Submitted by James Durso
‘The lion is back in his den!’
Hosni Mubarak, former President of Egypt, walked free last week after six years in detention on charges of murder and corruption. What does the U. S. have to show for it? Nothing.
In January 2011, Egyptian activists planned protests against corruption, lack of economic growth, and the heavy-handed police tactics of the recent years. The protests were scheduled for 25 January in Cairo and across Egypt. A broad swath of Egyptian activist groups participated, including the Islamists. The protests quickly escalated and became increasingly violent to the extent that the police were replaced by the military. At the end of two weeks, Mubarak had dissolved his government, appointed an interim leader, and announced he would not seek re-election in the September 2011 elections.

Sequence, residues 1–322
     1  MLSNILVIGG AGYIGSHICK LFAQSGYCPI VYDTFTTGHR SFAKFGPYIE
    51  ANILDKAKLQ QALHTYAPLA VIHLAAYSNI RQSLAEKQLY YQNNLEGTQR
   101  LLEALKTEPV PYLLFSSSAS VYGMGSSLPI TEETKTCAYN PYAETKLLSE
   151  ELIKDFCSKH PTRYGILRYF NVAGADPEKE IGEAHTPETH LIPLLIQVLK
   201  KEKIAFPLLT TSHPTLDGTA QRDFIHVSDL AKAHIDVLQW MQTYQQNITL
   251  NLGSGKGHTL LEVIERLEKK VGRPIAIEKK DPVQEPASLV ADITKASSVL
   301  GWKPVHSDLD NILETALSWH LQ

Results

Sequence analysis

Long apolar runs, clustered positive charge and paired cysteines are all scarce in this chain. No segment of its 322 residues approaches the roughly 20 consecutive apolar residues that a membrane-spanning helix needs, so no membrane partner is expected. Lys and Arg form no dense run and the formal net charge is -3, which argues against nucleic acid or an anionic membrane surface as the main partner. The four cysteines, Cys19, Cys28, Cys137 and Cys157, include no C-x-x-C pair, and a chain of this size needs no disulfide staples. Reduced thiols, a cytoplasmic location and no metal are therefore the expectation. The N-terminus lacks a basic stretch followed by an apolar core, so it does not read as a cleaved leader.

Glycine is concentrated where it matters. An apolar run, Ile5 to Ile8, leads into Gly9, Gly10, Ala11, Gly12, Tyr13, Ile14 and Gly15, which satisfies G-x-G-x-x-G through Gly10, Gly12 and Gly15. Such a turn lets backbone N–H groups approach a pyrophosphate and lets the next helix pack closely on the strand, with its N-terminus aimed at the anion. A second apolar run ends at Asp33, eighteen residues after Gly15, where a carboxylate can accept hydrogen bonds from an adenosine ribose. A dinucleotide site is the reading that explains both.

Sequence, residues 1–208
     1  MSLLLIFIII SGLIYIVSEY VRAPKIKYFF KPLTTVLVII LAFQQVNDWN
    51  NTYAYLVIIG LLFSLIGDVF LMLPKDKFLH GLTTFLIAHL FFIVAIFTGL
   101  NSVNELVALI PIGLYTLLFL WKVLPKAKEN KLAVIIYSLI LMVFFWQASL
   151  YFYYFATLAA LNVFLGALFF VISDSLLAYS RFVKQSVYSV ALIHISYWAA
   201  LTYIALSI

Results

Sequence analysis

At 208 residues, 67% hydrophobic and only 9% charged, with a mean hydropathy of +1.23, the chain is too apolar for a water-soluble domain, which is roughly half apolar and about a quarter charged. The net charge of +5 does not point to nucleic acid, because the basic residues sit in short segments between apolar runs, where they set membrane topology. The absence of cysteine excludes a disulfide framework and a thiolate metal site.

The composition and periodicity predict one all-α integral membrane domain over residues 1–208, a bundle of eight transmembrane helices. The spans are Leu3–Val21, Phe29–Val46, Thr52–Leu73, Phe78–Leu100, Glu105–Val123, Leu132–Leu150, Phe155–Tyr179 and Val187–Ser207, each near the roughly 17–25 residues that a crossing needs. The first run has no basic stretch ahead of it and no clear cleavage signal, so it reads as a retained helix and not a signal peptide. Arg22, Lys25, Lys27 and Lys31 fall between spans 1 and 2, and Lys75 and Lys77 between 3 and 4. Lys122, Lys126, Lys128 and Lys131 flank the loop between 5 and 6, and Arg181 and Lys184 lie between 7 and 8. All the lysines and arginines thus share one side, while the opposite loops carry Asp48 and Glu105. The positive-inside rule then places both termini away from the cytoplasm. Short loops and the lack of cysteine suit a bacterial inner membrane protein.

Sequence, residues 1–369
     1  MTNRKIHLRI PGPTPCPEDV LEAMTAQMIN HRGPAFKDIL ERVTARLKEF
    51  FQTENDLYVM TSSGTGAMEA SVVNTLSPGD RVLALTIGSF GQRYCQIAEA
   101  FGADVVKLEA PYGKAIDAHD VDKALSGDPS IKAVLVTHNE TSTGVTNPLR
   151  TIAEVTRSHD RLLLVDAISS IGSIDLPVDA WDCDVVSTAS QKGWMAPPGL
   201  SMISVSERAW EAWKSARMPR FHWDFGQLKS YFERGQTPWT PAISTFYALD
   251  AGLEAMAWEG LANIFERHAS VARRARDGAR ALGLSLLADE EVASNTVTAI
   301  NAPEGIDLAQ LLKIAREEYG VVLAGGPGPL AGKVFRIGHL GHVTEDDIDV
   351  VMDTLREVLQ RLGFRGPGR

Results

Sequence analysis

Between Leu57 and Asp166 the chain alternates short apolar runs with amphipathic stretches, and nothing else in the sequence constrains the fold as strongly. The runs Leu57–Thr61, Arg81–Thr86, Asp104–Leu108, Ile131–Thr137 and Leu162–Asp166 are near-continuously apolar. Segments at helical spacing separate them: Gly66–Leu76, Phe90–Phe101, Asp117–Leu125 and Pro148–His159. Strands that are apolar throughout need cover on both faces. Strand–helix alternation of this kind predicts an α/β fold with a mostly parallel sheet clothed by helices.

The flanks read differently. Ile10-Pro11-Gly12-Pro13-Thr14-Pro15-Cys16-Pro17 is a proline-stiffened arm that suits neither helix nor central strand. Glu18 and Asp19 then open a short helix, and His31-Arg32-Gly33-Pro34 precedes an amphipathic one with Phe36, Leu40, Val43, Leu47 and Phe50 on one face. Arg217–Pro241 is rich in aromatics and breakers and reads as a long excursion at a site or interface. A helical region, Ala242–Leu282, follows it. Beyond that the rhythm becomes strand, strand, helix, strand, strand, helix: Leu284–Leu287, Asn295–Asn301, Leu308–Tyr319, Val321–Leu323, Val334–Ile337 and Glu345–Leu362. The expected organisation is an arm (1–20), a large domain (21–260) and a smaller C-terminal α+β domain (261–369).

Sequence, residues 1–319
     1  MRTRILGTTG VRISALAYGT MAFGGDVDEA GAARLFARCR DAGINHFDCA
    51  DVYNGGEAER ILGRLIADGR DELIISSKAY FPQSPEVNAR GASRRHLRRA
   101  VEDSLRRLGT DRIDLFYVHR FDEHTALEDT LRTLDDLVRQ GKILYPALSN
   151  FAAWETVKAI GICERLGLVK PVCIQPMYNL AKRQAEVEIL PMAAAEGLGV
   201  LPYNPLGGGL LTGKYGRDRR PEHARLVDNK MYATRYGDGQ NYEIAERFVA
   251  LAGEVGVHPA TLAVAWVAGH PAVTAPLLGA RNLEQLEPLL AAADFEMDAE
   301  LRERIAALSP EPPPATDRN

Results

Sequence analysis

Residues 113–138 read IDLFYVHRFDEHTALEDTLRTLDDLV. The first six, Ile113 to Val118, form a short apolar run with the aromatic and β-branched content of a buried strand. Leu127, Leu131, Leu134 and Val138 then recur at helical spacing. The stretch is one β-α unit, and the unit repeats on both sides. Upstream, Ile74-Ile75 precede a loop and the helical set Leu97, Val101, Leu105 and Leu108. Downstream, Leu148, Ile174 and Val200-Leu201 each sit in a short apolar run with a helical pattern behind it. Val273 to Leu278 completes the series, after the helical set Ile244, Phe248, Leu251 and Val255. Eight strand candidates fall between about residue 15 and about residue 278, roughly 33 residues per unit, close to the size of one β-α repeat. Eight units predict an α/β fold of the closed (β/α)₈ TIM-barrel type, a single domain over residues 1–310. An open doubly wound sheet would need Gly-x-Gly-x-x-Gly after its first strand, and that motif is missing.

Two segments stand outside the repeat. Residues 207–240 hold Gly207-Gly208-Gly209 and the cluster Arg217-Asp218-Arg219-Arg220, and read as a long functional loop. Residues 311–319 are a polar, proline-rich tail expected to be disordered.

In early February 2011, on the same day that Vice President, and former intelligence chief, Omar Suleiman announced that Mubarak would resign as President, the Supreme Council of the Armed Forces suspended the constitution and dissolved both houses of Parliament for six months until elections could be held. In May 2011, Mubarak was charged with the murder of protesters and ordered to stand trial. The elections of June 2012 handed power to the only organized opposition group, the Muslim Brotherhood and its leader, Mohammed Morsi, who promptly tried to install an Islamist constitution and grant himself broader power than had Mubarak. The secular opposition was upset that the Islamist opposition they helped usher into power would be so… Islamist. More violent protests ensued. The whole sorry mess came to an end in July 2013, when the military seized power and Morsi’s hand-picked minister of defense, General Abdel Fattah El-Sisi, became Egypt’s leader and was elected President in May 2014 with a Chicago-like 93 percent of the vote.
This post was published at Zero Hedge on Apr 4, 2017.